In the past 12 months, roughly one in three Americans has used the Internet or a smartphone app to access government information. The Pew Research Center says this access extends to all levels of government: federal, state, and local. As residents have secured improved broadband connections, and as government websites and apps have added features and improved usability, the numbers of people communicating with government online have risen accordingly.
A Pew Research survey says people are usually trying to accomplish one of six tasks:
- Learn about government recreational activities
- Renew their driver’s license or auto registration
- Research government benefits
- Pay a fine
- Apply for or renew a government-issued hunting or fishing license
- Report a problem that needs repair, such as potholes
As these popular tasks show, government websites and apps are much more than one-way sources of information; they provide the opportunity (usually free of charge) to complete tasks that used to require a trip. But as websites improve in functionality, public communicators should remember that there are some populations who may need additional consideration.
US Census data show that millions of American residents aren’t fluent English speakers. A study released earlier this year said that more than 25,000,000 people age five and older “don’t speak English very well”. While Spanish, French, and Portuguese are the most common languages in these cases, a staggering 350-plus languages are currently spoken in American homes.
Of course, most websites in the United States use English primarily if not exclusively. Translations are expensive and sometimes unreliable as language nuances can change the meanings of certain words and phrases. Communicators and organizers may not be able to reach out through every spoken language, but being aware of them in your community can influence your efforts.
People without Internet Access
While Internet usage continues to become a more prevalent part of our lives, some 15% of Americans don’t use it at all. A Pew Research study determined that of that number, roughly one-third had no interest in accessing the Internet or felt that it wouldn’t affect their lives. About that many also felt that the Internet was too difficult to learn.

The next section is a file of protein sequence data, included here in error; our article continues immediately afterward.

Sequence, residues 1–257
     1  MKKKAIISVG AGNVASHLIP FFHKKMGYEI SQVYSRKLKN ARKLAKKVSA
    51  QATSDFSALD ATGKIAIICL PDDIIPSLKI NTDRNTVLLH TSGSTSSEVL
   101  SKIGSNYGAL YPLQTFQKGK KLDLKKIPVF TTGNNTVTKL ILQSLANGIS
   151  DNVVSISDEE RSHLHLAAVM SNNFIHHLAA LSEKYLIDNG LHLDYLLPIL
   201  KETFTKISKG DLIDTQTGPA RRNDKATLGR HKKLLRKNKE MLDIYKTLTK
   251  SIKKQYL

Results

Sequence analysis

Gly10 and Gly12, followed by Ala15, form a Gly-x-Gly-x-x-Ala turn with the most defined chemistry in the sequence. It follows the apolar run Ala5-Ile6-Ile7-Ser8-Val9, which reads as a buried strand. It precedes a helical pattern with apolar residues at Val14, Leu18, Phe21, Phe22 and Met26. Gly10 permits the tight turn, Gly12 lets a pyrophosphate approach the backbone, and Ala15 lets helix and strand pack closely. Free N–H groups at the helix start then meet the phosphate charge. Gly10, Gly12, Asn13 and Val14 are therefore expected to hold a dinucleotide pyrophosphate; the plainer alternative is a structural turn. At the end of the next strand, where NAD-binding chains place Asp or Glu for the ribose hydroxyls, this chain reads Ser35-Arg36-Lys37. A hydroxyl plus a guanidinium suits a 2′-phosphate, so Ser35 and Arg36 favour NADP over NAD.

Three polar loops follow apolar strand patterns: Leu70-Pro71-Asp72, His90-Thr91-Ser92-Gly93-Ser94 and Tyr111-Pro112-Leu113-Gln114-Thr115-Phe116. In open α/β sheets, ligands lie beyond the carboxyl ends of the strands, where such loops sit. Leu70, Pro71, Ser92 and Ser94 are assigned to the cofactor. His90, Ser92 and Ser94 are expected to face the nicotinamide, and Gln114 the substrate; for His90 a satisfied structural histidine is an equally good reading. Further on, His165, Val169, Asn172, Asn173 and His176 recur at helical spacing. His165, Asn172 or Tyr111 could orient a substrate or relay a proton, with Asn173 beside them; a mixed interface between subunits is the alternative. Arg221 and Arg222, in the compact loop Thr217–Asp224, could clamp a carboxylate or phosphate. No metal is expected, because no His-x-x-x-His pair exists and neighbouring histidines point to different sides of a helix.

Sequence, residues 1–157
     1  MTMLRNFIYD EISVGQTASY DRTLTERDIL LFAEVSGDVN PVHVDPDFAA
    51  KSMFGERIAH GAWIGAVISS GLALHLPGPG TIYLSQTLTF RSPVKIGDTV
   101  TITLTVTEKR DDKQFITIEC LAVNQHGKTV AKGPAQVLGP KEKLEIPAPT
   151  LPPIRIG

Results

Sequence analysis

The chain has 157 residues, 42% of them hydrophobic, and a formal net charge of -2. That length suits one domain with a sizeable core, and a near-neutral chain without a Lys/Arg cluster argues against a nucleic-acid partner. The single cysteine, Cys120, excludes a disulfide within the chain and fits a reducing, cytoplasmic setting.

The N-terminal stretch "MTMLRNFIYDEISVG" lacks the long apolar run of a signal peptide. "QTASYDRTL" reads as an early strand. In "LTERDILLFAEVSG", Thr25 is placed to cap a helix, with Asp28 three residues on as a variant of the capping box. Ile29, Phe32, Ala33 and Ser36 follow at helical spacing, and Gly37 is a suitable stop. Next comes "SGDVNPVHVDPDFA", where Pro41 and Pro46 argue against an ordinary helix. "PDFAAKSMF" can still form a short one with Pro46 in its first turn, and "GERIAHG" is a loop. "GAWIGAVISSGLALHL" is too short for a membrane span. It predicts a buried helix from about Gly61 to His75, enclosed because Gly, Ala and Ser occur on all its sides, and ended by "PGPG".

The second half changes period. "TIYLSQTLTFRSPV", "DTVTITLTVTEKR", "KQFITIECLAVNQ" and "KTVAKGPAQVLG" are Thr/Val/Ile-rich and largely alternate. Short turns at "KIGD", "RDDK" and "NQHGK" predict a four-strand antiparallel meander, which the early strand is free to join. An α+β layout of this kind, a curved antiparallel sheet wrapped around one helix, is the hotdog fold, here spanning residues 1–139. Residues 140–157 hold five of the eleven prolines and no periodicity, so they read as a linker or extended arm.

The lack of usage is most pronounced among seniors; nearly 40% of Americans age 65 and older are offline. Also affected disproportionately are African-Americans and Hispanics.
Cost was also a factor; nearly one in five offline residents said the equipment and access were too expensive.
There are some bright spots to this news; smart phones are becoming more common, and many people now use them as their primary means of accessing the Internet. In 2015, roughly two-thirds of Americans use a smart phone or mobile device, nearly twice as many as the figure reported just four years before.
The current 15% figure is also quite lower than it was in 2000 when nearly half of Americans didn’t access the internet. If the number continues to decline, one would expect access and opportunity to rise.
The color of a website’s text, background, and images may seem unimportant to those of us who see colors clearly, but many people can’t. The National Institute of Health says as many as 8% of men and about 0.5% of women with northern European ancestry have some sort of color blindness.
A website or app that doesn’t include enough contrast between text and background can be difficult to see and understand. This color-blindness simulator illustrates what a color-blind person might experience in certain scenarios. The good news is that inexpensive and sometimes free resources are available to help with this issue.
Websites and apps are making government more accessible for more people every year. With a few clicks, residents can learn more about communities than they might ever know otherwise. Some populations may need assistance through more traditional channels, however. While the Internet seems to be everywhere, it doesn’t necessarily reach every person.